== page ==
New partnership expands access to innovative staffing models in rural Colorado schools

July 20, 2023

Three Colorado organizations — the Colorado Department of Education, the Public Education & Business Coalition and South Central Board of Cooperative Education Services — have teamed up with Arizona State University to help Colorado schools build team-based school staffing models that make the job of teaching more appealing and sustainable, support equity and improve learning outcomes in Colorado.

Colorado schools interested in launching at least one team of educators can now apply for a year of strategic planning and support via the new partnership, made possible by a half-million-dollar Opportunity Now Grant Program award

Opportunity Now Colorado is an $85 million grant program catalyzing transformative change for Colorado’s workforce. As a grant initiative of the Office of Economic Development and International Trade, the program seeks innovative solutions to meet Colorado’s workforce needs through industry and education collaboration. 

“ASU’s Next Education Workforce initiative has, in collaboration with partner schools and systems, launched a nationwide movement to transition from the predominant one-teacher, one-classroom model of staffing schools to one that builds teams of educators with distributed expertise who share a common roster of students,” said Andrea LaRocca, senior program manager for the initiative at ASU’s Mary Lou Fulton Teachers College. “Rural Colorado schools now have unprecedented access to local and national support to launch what we believe is a more sustainable, equitable and successful way to teach.”

The grant brings together key school systems and organizations to build local capacity to design and implement Next Education Workforce team-based staffing models in schools. “At its core, we’re working together to create more attractive conditions into which to recruit and support teachers in Colorado, particularly in rural areas,” LaRocca added. 

The need is critical, said Colleen O'Neil, associate commissioner of educator talent for the Colorado Department of Education

“In the 22-23 school year, we experienced the most drastic content and geographic educator shortages we have had in recent memory,” she said. “The Next Education Workforce can help us ensure we have talented educators in every classroom by rethinking our human capital staffing model. We see this working in other states and are excited to roll this out in Colorado in the next year.”

The approach to school staffing is especially promising in rural communities, said Frank Reeves, manager of Rural Growth and Partnerships for PEBC.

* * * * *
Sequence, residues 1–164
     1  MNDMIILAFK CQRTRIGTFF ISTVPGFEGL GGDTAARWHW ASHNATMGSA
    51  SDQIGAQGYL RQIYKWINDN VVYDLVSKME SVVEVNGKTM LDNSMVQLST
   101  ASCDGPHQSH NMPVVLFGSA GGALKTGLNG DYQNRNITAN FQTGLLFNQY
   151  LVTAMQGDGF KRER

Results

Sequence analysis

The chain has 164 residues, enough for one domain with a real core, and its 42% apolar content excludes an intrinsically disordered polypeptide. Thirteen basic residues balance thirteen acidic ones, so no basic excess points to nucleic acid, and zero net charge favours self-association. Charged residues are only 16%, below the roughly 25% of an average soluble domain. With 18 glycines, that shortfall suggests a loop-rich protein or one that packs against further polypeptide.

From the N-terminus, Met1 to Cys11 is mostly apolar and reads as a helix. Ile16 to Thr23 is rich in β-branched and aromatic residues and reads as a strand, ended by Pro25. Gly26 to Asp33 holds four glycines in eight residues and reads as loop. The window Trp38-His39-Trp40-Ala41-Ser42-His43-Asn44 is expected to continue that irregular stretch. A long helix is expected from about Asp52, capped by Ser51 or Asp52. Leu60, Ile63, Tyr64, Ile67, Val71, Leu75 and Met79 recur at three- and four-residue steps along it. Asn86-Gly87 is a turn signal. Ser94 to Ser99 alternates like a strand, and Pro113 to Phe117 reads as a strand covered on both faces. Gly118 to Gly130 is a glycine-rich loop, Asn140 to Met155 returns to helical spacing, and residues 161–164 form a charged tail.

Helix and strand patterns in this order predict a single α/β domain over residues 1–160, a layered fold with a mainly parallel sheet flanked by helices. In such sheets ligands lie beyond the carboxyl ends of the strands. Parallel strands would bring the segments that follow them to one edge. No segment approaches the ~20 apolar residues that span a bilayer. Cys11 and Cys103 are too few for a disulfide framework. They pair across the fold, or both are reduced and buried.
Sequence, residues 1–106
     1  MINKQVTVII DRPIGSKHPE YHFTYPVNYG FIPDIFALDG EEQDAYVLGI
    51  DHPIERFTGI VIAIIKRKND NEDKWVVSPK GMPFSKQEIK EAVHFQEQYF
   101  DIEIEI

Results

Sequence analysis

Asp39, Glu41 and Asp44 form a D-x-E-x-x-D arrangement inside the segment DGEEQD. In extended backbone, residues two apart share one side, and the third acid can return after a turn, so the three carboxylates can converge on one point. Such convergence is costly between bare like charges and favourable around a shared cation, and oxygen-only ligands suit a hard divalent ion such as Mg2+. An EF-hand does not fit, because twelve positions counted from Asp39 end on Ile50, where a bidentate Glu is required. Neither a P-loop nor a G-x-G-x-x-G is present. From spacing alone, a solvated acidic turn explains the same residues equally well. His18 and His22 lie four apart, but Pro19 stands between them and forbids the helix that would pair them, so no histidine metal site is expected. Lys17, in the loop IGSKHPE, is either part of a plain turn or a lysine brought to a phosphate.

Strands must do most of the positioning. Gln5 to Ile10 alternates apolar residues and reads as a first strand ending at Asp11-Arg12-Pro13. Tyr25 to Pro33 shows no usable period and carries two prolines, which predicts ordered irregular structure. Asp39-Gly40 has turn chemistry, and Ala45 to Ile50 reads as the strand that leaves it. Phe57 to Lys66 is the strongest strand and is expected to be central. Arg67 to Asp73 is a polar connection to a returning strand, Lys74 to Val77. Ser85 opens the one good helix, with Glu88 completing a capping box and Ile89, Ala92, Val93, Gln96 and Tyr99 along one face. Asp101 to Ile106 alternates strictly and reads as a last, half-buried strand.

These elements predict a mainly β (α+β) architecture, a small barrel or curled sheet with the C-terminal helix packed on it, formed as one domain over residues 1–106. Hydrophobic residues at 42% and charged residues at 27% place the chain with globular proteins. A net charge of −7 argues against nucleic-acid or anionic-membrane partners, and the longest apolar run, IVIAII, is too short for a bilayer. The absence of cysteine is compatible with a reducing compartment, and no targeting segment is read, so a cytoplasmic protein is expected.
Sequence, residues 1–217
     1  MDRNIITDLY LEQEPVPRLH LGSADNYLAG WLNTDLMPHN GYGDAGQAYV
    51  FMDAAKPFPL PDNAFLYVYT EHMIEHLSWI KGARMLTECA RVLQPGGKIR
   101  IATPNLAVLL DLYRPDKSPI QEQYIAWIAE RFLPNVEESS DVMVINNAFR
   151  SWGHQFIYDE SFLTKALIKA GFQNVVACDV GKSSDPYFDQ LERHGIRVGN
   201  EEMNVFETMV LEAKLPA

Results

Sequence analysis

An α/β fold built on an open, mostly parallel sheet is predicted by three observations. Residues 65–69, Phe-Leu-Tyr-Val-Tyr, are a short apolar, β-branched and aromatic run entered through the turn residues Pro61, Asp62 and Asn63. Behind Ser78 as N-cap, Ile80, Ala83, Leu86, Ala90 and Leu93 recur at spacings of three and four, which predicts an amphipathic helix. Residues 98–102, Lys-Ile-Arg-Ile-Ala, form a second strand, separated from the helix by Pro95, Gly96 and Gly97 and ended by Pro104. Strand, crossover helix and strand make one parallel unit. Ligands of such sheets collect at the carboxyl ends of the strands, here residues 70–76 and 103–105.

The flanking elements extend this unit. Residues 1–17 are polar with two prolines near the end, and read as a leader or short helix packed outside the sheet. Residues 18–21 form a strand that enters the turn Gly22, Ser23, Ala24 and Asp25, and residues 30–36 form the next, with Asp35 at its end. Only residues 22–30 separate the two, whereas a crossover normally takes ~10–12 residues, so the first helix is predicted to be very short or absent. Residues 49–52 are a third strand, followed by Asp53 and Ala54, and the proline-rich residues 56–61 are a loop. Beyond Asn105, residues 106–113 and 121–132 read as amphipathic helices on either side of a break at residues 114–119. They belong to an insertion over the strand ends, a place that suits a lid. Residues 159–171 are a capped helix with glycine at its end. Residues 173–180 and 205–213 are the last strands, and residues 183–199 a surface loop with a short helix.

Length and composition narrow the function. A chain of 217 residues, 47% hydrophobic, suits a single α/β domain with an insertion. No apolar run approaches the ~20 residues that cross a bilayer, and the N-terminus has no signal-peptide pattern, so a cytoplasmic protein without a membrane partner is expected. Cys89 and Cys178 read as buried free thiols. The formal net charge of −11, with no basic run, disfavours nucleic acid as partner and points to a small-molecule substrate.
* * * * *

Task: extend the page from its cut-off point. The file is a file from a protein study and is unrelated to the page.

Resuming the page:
“Our traditional education model is not working in rural America and we need to look at being the driving force in making the changes necessary to better support our kids and adults,” he said. 

Teams allow educators to work together instead of in isolation. 

“It allows for classes and grade levels to be more mixed and, if done right, to reach into greater depths of knowledge, he said. “It also allows for schools and districts to have a little more flexibility in hiring without lowering standards during a time when hiring teachers in rural areas is nearly impossible.”  

ASU’s approach is promising in its focus on improving outcomes and experiences for educators as well as learners, Reeves said. 

“I get excited anytime we think of working in teams in the classroom,” he said. “Schools have done a great job at building professional learning communities (PLCs) for our adults but we often restrict ourselves when it comes to team teaching in the classroom. My most rewarding year as an educator was when I had the opportunity to team teach an 8th-grade social studies class with our special education teacher. That single class in one year did more to shape and strengthen my skills as a teacher than any other experience or training.”  

During the 2023–24 school year, educators from participating schools in Colorado will participate in several professional learning experiences and cohorts, with educators from across the country implementing the model in their own states and contexts. They’ll also attend monthly planning meetings just for Colorado schools and partners. Those schools will go on to plan the launch of their first educator teams in Fall 2024 and beyond. 

It’s clear, O’Neil said, “We cannot continue to do the same thing in education. It’s not working. The Next Education Workforce gives us the opportunity to do things differently and meet our students' needs. It’s time to change the human capital model in our classrooms because our kids deserve it.”

Learn more